Low-dose dietary resveratrol has differential effects on colorectal tumorigenesis in adiponectin knockout and wild-type mice

Rebecca L. Boddicker, Elizabeth M. Whitley, Jeremy E. Davis, Diane F. Birt, Michael E. Spurlock

Research output: Contribution to journalArticlepeer-review

6 Scopus citations

Abstract

Obesity is associated with a decrease in the antiinflammatory hormone, adiponectin, and increases in the circulating concentrations of multiple proinflammatory cytokines. These changes contribute to colon tumorigenesis. Resveratrol increases adiponectin production in adipocytes and attenuates the development of colon cancer. Thus, we hypothesized that adiponectin is an integral component of the mechanism by which resveratrol antagonizes colorectal tumorigenesis. To investigate this, we induced tumorigenesis in adiponectin knockout (KO) and wild-type (Wt) C57BL/6 mice through combined azoxymethane and dextran sodium sulfate treatment during which mice were fed a high-fat, lard-based diet, or the same diet containing 20 mg/kg resveratrol. After 14wk on diet, Wt mice gained more weight and, on a percentage basis, had higher fat mass and lower lean mass than KO mice. Resveratrol tended to attenuate this response in male Wt mice. Resveratrol also tended to reduce aberrant crypt foci development and decrease circulating interleukin 6 and insulin concentrations in male but not female Wt mice. Taken together, resveratrol improved overall health of obese Wt but not KO mice as hypothesized with a differential sex response.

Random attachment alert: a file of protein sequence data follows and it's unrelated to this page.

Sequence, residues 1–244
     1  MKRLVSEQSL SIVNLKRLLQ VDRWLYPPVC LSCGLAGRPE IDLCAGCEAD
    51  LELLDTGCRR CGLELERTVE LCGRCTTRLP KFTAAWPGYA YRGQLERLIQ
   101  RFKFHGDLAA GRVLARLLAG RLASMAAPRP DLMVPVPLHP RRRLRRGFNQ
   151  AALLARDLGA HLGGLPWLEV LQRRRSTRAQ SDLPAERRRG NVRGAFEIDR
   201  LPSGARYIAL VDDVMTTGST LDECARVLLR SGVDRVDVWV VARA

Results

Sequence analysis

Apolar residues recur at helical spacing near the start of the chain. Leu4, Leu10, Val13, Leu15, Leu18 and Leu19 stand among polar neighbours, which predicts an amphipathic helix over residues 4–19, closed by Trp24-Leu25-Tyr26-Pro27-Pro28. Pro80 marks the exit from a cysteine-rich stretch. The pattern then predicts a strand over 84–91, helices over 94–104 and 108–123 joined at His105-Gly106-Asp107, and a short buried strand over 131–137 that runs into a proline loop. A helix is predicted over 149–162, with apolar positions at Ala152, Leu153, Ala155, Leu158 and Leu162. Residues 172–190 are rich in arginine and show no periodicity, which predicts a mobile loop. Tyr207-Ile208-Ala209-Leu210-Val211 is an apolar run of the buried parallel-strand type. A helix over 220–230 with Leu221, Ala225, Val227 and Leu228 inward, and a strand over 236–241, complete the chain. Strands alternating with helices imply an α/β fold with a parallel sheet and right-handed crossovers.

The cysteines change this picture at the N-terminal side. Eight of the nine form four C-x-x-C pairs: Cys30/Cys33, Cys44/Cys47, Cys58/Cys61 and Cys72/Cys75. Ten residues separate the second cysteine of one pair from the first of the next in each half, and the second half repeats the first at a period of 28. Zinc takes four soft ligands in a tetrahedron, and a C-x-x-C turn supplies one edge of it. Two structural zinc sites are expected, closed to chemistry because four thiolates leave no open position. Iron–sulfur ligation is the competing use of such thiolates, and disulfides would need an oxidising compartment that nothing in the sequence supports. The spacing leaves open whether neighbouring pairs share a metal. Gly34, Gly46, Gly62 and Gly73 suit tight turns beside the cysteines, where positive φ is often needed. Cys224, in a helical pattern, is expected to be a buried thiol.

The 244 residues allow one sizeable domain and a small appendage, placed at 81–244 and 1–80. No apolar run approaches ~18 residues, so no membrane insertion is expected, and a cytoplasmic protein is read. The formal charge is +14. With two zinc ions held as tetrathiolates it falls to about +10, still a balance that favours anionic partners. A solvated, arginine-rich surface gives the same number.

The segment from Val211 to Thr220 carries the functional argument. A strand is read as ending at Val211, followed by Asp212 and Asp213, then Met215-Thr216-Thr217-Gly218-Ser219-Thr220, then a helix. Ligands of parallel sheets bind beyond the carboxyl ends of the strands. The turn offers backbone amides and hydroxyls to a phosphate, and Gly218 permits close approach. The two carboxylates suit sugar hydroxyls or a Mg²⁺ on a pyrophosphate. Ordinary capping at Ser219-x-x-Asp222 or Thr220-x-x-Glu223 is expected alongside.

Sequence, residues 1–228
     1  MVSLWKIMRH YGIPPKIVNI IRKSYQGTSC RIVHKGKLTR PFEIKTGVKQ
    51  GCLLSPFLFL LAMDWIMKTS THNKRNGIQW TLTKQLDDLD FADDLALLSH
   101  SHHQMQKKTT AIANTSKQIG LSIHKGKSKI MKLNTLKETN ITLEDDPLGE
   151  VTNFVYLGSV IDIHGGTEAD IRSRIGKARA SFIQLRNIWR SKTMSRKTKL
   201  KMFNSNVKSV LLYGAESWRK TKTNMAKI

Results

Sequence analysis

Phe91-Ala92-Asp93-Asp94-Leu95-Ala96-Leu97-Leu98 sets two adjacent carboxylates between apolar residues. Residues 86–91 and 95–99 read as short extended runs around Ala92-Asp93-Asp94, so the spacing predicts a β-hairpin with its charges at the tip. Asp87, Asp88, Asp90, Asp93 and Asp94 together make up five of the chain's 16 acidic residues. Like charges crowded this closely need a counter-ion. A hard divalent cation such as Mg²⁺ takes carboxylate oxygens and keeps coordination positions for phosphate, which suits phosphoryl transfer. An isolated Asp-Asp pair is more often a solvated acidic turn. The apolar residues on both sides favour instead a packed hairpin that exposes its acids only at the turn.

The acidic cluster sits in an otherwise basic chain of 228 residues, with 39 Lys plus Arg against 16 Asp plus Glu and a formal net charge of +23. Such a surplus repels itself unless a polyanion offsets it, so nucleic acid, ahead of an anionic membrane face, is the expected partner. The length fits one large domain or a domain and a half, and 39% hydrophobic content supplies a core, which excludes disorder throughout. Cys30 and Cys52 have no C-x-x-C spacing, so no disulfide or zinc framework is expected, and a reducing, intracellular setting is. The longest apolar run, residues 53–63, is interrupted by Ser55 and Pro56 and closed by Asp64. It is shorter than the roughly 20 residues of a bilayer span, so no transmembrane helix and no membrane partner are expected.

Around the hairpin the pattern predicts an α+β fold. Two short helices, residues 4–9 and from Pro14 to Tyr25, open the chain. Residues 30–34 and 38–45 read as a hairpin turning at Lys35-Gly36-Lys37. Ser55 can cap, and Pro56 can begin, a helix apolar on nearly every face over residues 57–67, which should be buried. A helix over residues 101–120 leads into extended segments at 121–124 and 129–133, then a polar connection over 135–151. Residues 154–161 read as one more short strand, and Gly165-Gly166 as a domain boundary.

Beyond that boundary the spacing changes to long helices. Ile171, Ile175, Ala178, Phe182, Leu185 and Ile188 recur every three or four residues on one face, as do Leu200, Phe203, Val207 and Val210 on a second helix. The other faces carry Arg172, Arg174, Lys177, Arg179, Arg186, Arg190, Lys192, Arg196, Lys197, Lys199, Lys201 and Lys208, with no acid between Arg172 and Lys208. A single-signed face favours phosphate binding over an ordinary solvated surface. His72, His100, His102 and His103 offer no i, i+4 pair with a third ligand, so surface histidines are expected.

Original languageEnglish (US)
Pages (from-to)1328-1338
Number of pages11
JournalNutrition and Cancer
Volume63
Issue number8
DOIs
StatePublished - Nov 1 2011
Externally publishedYes

ASJC Scopus subject areas

  • Medicine (miscellaneous)
  • Oncology
  • Nutrition and Dietetics
  • Cancer Research

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